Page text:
At least 22 people have been killed and over 160 injured as several subway cars derailed on the Moscow Metro on the Arbatsko-Pokrovskaya dark blue Metro line on Tuesday morning, according to health officials.
“Twenty-two people were fatally injured. One hundred and twenty-nine people were taken to hospital,” said official representative from Russia’s Emergency Ministry, Aleksandr Drobyushevsky.
Earlier, there were reports of 21 dead.
“Twelve people extracted from the cars were already dead, seven died in the station’s hall and two more people - a man and a woman – died in the 71st hospital from major traumatic injuries,” said head of the Health ministry Veronika Skvortsova as cited by RIA Novosti.
According to Skvortsova, 126 people are still hospitalized, five of whom are in a critical condition.
Moscow authorities have declared Wednesday a day of mourning for those who died in the accident.
Among the victims of the accident are a citizen of China and another from Tajikistan. While among the injured are residents of 12 Russian regions and five countries – Ukraine, Moldova, Tajikistan, Uzbekistan and Kyrgyzstan, said Russian Deputy Prime Minister Olga Golodets.
A total of 1,150 people have been evacuated from the site of the accident, according to press service of the Moscow Emercom branch.
The driver of the derailed train, who was earlier reported dead, is actually alive and being treated in hospital, Moscow authorities say, according to RIA Novosti.
Investigators have been looking into all possible theories of how
the accident could have occurred, ruling out a terrorist act,
spokesman for the Russian Investigative Committee, Vladimir
Markin said at a press conference.
"No signs of terrorist act are being seen. It’s most likely a technological accident,” Markin said.
“There can be several reasons: failed switch, rail subsidence, because there are construction works in a tunnel nearby. We will consider the possibility of the carriage itself being defective - anything that will emerge during the investigation,” Markin said.
The accident happened during the morning rush hour when the train was packed with passengers.
The first carriage of the train sustained most of the damage,
according to an eyewitness of the accident who spoke to RT. Ivan,
said he was in the second car when the train suddenly braked and
the lights went off.
“I was tossed up in the air,” the young man says. “There was blood on the floor, heads bruised, arms broken. Panic broke out.”
Ivan also says after the train derailed there was a flash and
then the tunnel was filled with thick smoke.
“The car was badly damaged. We started to get out. We saw a door in the tunnel’s wall. Men eventually broke that door and we saw workers, constructing a parallel tunnel. They helped us to get out.”
An eyewitness, who spoke to LifeNews, was in the fifth carriage
and says they had to wait for 30 minutes before the evacuation
“So as we got out, we proceeded to march on foot, probably for two or three minutes - along the tunnel with cables underneath. The train driver had told us right away to stick to the right side, so we did. No sooner had we got to the surface than we realized it was a full-blown emergency.”
Andrey Zenin, another survivor in the accident, says he helped
extinguish the fire in one of the carriages and he also was among
the volunteers who helped to get the injured out of the tunnel.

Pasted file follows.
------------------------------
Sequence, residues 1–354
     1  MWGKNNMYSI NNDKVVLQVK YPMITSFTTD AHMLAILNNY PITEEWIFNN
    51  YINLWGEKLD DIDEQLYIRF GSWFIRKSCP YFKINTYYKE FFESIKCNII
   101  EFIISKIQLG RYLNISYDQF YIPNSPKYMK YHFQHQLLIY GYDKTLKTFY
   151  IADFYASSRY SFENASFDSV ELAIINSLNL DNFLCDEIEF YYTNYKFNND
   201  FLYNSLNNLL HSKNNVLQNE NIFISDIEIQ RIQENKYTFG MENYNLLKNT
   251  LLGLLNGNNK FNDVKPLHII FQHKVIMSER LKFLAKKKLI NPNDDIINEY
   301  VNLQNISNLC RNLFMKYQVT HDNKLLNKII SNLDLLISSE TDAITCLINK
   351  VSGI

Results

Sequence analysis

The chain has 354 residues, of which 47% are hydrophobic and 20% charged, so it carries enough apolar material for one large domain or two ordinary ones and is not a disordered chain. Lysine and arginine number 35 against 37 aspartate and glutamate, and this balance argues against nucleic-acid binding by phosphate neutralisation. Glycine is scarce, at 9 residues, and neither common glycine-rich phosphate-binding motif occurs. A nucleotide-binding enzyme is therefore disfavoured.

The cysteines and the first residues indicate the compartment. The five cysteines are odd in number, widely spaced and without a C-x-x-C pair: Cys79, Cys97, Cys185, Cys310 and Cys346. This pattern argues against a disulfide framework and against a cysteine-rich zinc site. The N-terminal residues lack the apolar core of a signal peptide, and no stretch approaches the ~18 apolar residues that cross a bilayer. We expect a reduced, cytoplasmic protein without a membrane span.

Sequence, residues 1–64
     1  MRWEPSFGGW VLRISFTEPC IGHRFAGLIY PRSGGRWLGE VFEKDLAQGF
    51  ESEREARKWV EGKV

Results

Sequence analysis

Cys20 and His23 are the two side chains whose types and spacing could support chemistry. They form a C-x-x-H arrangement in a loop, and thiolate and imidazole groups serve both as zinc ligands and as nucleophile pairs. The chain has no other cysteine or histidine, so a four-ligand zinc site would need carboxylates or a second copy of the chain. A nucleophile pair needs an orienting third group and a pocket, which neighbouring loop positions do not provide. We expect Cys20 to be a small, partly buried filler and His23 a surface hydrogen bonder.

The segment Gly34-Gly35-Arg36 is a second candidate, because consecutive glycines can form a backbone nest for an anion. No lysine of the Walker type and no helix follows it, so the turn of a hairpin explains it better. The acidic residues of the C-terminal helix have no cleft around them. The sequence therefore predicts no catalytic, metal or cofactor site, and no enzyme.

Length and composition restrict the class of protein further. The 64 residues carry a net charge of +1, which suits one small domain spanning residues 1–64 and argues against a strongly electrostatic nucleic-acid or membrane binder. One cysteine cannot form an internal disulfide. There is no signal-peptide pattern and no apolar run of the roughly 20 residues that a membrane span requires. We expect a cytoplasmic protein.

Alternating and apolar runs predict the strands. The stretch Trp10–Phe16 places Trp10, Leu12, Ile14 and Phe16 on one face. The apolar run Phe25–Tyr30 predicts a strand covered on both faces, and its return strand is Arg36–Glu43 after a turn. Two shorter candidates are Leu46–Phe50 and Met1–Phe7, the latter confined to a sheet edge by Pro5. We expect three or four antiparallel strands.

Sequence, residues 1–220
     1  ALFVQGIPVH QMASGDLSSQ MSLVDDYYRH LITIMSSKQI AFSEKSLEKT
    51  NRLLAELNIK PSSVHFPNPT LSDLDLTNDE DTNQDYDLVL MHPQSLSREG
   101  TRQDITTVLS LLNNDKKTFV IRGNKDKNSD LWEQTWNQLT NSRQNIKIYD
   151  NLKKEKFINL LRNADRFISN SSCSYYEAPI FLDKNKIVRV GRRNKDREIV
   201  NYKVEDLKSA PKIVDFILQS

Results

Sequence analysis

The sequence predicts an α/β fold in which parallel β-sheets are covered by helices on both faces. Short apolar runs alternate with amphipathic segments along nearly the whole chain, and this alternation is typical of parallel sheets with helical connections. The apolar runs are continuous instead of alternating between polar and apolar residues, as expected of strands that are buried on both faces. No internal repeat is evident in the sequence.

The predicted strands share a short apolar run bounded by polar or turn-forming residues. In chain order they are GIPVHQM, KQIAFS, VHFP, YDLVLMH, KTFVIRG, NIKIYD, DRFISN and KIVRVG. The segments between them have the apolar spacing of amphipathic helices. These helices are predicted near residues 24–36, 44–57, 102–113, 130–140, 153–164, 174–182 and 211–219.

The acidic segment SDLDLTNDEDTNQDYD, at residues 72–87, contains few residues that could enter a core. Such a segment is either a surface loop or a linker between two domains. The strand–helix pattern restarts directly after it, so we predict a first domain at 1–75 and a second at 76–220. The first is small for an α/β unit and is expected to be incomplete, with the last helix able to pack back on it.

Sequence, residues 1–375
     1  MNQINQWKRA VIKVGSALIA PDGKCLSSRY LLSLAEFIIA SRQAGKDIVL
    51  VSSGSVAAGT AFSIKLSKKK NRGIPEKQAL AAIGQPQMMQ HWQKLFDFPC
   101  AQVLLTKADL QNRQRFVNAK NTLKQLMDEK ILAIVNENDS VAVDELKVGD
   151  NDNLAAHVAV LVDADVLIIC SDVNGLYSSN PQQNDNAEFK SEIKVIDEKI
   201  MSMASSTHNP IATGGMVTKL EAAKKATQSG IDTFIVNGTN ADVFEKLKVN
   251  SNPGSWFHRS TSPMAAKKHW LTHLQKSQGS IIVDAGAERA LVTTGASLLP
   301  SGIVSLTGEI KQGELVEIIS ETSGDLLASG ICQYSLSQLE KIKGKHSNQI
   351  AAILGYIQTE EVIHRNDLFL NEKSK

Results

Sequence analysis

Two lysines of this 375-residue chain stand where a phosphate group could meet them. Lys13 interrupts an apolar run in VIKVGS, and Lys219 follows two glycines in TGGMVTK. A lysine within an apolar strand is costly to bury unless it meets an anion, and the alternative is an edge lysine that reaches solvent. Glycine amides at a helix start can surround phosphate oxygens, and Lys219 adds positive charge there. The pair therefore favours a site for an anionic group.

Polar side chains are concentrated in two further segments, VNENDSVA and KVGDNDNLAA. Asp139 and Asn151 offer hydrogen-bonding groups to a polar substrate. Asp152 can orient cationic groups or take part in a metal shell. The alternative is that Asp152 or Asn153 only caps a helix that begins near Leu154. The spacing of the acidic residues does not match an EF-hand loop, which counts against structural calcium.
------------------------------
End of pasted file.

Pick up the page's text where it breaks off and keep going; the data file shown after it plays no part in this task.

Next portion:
“There was a man next to me and his head had been smashed by the handrail and he was unconscious,” Zenin told RT. “Some people had broken ribs and one person’s arm was injured. All in all, people were hysterical.”
Law enforcement officials told that three train cars had derailed, “but not overturned.”
Russian President Vladimir Putin has expressed condolences to the families of those killed in the Metro train crash and wished a swift recovery to those injured, presidential spokesman Dmitry Peskov said.
Prime Minister Dmitry Medvedev has promised that the federal government will help in the post-accident clean-up.
Moscow Mayor Sergey Sobyanin has said those responsible for the accident will be held accountable.
“I’m sure a criminal case should be launched into the accident, an investigation conducted and the toughest measures taken,” Sobyanin told journalists, after he visited a hospital where the injured had been taken.
It will take up to two days to get train traffic back on track on the dark blue line of the Moscow Metro, according to Sobyanin.
News of the derailment was preceded by reports of smoke detected on the dark blue line of the Moscow Metro. Later, Moscow’s emergencies agency denied reports of smoke and said a sudden failure in the electricity supply to a conductor rail could have caused the accident.
A failure in the power supply led to a false alarm going off. The alarm was a signal to the train driver to immediately stop the train. The sudden braking led to the derailment of several carriages.
“At 8:39am Moscow time [04:39 GMT] on a stretch between stations of Park Pobedy [Victory Park] and Slavyansky Bulvar there was abrupt deceleration of a train,” Moscow emergencies agency 's press service employee told RT.
Sixty-six buses, 40 ambulances and eight helicopters have been deployed by rescuers for evacuations.
The Investigative Committee (IC) has launched a criminal case over ‘violation of transportation security demands’, according to interim head of the Moscow’s Western District Department of the IC, Roman Syomushkin.
The Moscow Metro, with its 194 stations and a route length of
325.4 km (202.2 miles) is one of the world’s busiest, carrying up
to 9 million passenger trips each workday.
The Arbatsko-Pokrovskaya, or dark blue line, where the accident happened, is the longest and possesses the deepest section in the Moscow Metro, at 74 meters (243ft) deep near the Park Pobedy station.
As of 2011, the blue line carried 733,000 people daily, but has since been extended westwards, with several new stations opening.